Posts for: July, 2017
What's an actor's most important feature? According to Vivica A. Fox, whose most recent big-screen role was in Independence Day: Resurgence, it's what you see right up front.
"On screen, your smile and your eyes are the most inviting things that bring the audience in" she said. "Especially if you play the hot chick."
But like lots of people, Vivica reached a point where she felt her smile needed a little help in order to look its best. That's when she turned to a popular cosmetic dental treatment.
"I got veneers years ago," Ms. Fox told Dear Doctor magazine in a recent interview, "just because I had some gapping that probably only I noticed."
What exactly are dental veneers? Essentially, they are thin shells of lustrous porcelain that are permanently attached to the front surfaces of the teeth. Tough, lifelike and stain-resistant, they can cover up a number of defects in your smile — including stains, chips, cracks, and even minor spacing irregularities like the ones Vivica had.
Veneers have become the treatment of choice for Hollywood celebs — and lots of regular folks too — for many reasons. Unlike some treatments that can take many months, it takes just a few appointments to have veneers placed on your teeth. Because they are custom made just for you, they allow you to decide how bright you want your smile to be: anywhere from a natural pearly hue to a brilliant "Hollywood white." Best of all, they are easy to maintain, and can last for many years with only routine care.
To place traditional veneers, it's necessary to prepare the tooth by removing a small amount (a millimeter or two) of its enamel surface. This keeps it from feeling too big — but it also means the treatment can't be reversed, so once you get veneers, you'll always have them. In certain situations, "no-prep" or minimal-prep veneers, which require little or no removal of tooth enamel, may be an option for some people.
Veneers aren't the only way to create a better smile: Teeth whitening, crowns or orthodontic work may also be an alternative. But for many, veneers are the preferred option. What does Vivica think of hers?
"I love my veneers!" she declared, noting that they have held up well for over a decade.
Although oral cancer isn't the most prevalent among metabolic diseases, it is one of the most deadly with only a 50% survival rate after five years. That's because it can be difficult to detect in its early stages when treatment is most effective.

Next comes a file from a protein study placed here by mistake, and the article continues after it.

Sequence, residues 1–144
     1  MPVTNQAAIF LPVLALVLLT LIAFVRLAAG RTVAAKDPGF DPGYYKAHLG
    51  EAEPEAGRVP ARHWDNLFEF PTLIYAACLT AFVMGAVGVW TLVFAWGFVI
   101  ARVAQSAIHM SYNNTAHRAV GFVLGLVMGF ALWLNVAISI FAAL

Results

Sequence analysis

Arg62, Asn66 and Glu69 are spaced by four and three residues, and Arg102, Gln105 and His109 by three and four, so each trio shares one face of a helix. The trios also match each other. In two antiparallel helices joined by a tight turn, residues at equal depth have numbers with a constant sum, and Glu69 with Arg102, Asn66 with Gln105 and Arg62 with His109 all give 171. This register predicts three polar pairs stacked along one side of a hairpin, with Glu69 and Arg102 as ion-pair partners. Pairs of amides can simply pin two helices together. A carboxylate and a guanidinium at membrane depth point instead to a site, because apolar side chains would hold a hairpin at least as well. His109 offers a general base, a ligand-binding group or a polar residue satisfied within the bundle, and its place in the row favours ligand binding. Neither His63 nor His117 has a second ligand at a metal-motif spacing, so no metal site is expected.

That's why prevention to reduce your chances of oral cancer is so important. Many people know quitting tobacco products, including smokeless varieties, and moderating alcohol consumption are key to any prevention strategy. But there's one other factor you should also consider: your diet.
We've learned quite a bit in the last few decades about how certain foods we eat contribute to the cancer disease process. Cancer seems to originate when elements in the body or environment (known as carcinogens) damage DNA, our unique genetic code, on the cellular level. For example, a class of chemicals called nitrosamines is a known carcinogen: we often encounter it in the form of nitrites used to preserve meat (like bacon or ham) or as byproducts in beer, seafood or cheese.
Another form of carcinogen is the unstable molecules produced during normal cellular function called free radicals. But our bodies have a natural neutralizer for free radicals called antioxidants. We obtain these substances in our food in the form of vitamins and minerals. While you can also ingest these in the form of supplements, the best way to obtain them is through a diet rich in plant-based food, particularly fruits and vegetables.
So in addition to lifestyle changes like quitting tobacco or moderating alcohol consumption, make sure your diet is a healthy and nutritious one. Limit your intake of processed foods (especially meats) and increase your portions of fresh fruits, vegetables and dairy products.
And don't neglect practicing effective brushing and flossing each day, along with regular dental cleanings and checkups. All of these healthy practices will greatly decrease your chances for life-threatening oral cancer.
If you would like more information on preventing oral cancer, please contact us or schedule an appointment for a consultation. You can also learn more about this topic by reading the Dear Doctor magazine article “Diet and Prevention of Oral Cancer.”